Contact Us

Address:

1616 Cornwall Ave. #105

Bellingham, WA 98225

Phone: 360-393-4479  

Fax: 360-746-8661

HOURS OF OPERATION

MONDAY           

TUESDAY          WEDNESDAY    THURSDAY    FRIDAY              SATURDAY        SUNDAY            

10 - 6 PM         

10 - 6 PM

10 - 6 PM

10 - 6 PM

10 - 6 PM

CLOSED

CLOSED

*CLOSED DAILY FROM 1-2 PM FOR LUNCH 

Our Eye Clinic is proud to serve patients living throughout Whatcom and Skagit Counties as well as the students enrolled at Western Washington University (WWU), Bellingham Technical College (BTC), and Whatcom Community College

DIRECTIONS TO OUR OPTOMETRIST / EYE CLINIC IN DOWNTOWN BELLINGHAM

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CHOOSING GLASSES

HOW TO CHOOSE YOUR GLASSES

 

Look around your neighborhood and you'll see some people with glasses that - let's just say - need a bit of tender love and care.  Then look at the people on network television and look at their glasses. Do you see the difference?  The folks on t.v. who have access to stylists and wardrobe people etc. have frames that aren't crooked, colors that go with their skin tone, lenses that fit their face shape, and good quality anti-reflective treatment so you can see their eyes - not a bunch of hazy reflections. Do you think their frames are more comfortable too?  You bet.

Anyhow, here are 4 Things To Keep In Mind When You Pick Out Glasses.

  • Frames: 

    • Color - What skin tone are you?  Find a color that goes with it.​

    • Size - the outside edges of the frame should closely match the width of the your head.

    • Brand - I've seen good quality and bad quality frames of most EVERY brand.  Once you touched a couple dozen frames you can feel quality.  Some talented people can discern it with much less training.  See if you can "feel" the quality when you pick them up, handle them and put them on.  

    • Prescription - If your prescription is high (>+ or - 3.00) then try not to get the huge lenses. Your glasses will get heavy.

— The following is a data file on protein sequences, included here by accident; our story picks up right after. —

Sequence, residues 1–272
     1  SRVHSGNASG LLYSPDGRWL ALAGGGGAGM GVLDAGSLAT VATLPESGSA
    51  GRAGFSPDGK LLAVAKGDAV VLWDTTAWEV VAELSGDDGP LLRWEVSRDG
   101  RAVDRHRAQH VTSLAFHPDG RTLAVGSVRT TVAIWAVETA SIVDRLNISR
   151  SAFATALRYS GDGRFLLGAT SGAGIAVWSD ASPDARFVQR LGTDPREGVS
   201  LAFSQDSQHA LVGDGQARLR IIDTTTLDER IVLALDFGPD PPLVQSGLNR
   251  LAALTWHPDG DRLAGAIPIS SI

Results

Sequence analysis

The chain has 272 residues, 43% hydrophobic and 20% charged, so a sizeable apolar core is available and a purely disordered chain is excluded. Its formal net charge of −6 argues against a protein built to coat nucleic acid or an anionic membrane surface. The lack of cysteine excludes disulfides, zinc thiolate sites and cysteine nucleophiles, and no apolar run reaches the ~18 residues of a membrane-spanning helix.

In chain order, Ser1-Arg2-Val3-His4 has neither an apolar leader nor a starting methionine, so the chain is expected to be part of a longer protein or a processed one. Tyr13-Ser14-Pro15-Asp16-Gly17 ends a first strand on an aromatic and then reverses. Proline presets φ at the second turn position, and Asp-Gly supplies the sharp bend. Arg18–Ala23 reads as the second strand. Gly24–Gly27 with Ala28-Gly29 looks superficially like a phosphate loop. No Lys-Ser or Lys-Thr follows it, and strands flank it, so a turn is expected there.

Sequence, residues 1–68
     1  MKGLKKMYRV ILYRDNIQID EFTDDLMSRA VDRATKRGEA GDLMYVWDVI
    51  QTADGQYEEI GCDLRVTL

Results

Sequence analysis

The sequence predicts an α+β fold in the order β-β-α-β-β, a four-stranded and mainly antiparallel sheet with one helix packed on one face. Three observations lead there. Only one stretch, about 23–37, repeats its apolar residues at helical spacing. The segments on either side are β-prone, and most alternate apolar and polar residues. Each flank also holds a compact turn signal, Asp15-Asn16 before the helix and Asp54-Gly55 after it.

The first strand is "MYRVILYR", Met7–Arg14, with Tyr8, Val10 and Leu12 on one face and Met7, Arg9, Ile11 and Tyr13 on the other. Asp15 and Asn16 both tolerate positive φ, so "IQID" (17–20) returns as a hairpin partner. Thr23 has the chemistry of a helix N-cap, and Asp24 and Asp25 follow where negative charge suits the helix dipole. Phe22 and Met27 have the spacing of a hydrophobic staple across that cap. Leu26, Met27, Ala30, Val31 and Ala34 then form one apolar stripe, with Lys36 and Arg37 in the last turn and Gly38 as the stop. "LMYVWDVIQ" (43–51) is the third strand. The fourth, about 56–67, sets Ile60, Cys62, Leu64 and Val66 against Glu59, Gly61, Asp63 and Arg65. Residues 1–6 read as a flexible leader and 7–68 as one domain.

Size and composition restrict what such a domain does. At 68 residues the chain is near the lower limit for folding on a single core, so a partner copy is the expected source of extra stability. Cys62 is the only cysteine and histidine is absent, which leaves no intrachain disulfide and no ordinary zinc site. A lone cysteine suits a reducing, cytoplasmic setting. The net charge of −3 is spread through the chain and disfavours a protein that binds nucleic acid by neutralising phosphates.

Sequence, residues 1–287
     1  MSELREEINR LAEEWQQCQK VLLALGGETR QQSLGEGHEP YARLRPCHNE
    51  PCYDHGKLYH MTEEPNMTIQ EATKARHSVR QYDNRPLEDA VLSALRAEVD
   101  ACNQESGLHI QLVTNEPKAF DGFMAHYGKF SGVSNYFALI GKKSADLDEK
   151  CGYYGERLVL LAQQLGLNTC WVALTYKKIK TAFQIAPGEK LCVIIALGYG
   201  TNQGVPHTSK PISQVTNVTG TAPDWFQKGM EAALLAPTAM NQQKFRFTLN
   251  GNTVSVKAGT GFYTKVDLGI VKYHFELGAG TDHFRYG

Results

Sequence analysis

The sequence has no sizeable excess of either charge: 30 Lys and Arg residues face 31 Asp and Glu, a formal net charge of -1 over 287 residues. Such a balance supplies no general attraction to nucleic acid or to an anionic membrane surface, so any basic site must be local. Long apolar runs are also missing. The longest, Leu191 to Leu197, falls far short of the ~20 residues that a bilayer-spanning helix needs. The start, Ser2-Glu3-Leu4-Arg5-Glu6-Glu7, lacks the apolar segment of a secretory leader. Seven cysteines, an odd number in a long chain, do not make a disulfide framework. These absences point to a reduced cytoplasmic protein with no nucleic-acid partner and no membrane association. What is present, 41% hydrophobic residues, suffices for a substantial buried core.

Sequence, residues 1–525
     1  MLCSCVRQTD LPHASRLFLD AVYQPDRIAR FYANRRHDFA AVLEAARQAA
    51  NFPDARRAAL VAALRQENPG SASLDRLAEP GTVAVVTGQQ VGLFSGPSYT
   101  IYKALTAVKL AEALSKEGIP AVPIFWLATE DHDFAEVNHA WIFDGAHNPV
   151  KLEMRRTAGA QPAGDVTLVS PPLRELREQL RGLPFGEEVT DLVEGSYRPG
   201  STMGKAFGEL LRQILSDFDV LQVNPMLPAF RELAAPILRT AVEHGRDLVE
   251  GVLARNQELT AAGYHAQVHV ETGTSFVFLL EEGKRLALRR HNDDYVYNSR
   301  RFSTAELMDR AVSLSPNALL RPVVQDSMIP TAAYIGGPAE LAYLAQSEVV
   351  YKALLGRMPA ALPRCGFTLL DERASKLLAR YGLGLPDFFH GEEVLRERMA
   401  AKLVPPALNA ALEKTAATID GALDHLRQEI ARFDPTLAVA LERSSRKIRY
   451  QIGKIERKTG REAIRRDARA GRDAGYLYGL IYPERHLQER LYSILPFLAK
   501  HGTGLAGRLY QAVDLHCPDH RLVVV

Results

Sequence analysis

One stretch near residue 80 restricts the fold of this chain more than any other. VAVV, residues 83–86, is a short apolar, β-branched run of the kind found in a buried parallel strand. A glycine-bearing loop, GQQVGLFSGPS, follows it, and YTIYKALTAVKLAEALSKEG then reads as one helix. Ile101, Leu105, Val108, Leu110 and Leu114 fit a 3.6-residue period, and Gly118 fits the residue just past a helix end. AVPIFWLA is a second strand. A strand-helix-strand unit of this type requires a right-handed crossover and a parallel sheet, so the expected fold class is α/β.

• Weight - Generally, the older you are and the higher your prescription, the more important it is to look for lighter frames.

  • Lens Material (There are basically 4 options):​​

    • Standard Plastic (CR-39) - "$" price, no UV protection, decent optics, break easy​.

    • Polycarbonate - "$$"price, UV protection, poor optics, strong. 

    • Trivex/Mid Index - "$$" price, UV Protection, great optics, strong.   This is our "workhorse" for most of our low to mid strength prescriptions. It's usually close in price in polycarbonate but it's much better quality.

    • Hi Index - "$$$" price, UV protection, great optics, Thin & Lite

    • BONUS TIP: Conventional vs. "Aspheric".  Conventional are fine for low prescriptions but if you want good optics with higher prescriptions, go with aspheric​.

Lenses Information

Photochromics

Hoya-Vision-photochromic-lenses-woman-in

Anti  Glare Coating

AR coating
  • Lens Type:

    • "Single Vision" - "$" in price. If you are over 40 or a someone with eye focusing problems, then you may need a bifocal or a progressive.​​​

    • Bifocal - "$$" price. Think the "Benjamin Franklin" type - These have the line going across the middle to fit 2 prescriptions in 1.

    • Progressive - "$$$" These are lenses that have no line but are able to fit 2 prescriptions using a gradual change.  

  • "Add-on's": (These are nice to have but don't always come with your lenses).​

    • Anti Glare Treatment:  This is a coating which reduces reflections.  ​

      • It's about the most worthwhile $100-150 you'll ever spend but you want to get the good stuff.  The quality varies.  We know from experience.  We don't even offer or sell cheap grade anymore.  We could, but honestly, you'll be worse off than if you didn't get the anti-glare coating at all. 

    • Tints: Photochromic Tints: "Transitions", "Photofusion" or "Sunsync" tints are  brands of photochromic lenses.  Basically they change color out in the sun or if exposed to UV.  You can get them in gray/black, brown and sometimes green.  Some of the more advanced ones change faster in each environment and others work even in the car.  

    • Other Tints: "Solid" Tints are uniform across the entire lens and are very affordable.  They come in almost any color.  "Gradient" Tints change in intensity across the lens.  Usually the top of the lens will be tinted stronger and the bottom, weaker with the amount of tint gradually changing. 

 

That's the basics of eyeglasses.  If you've read this, then you'll know more about the topic than most, and thus be less likely to be taken advantage of when you find yourself picking out glasses.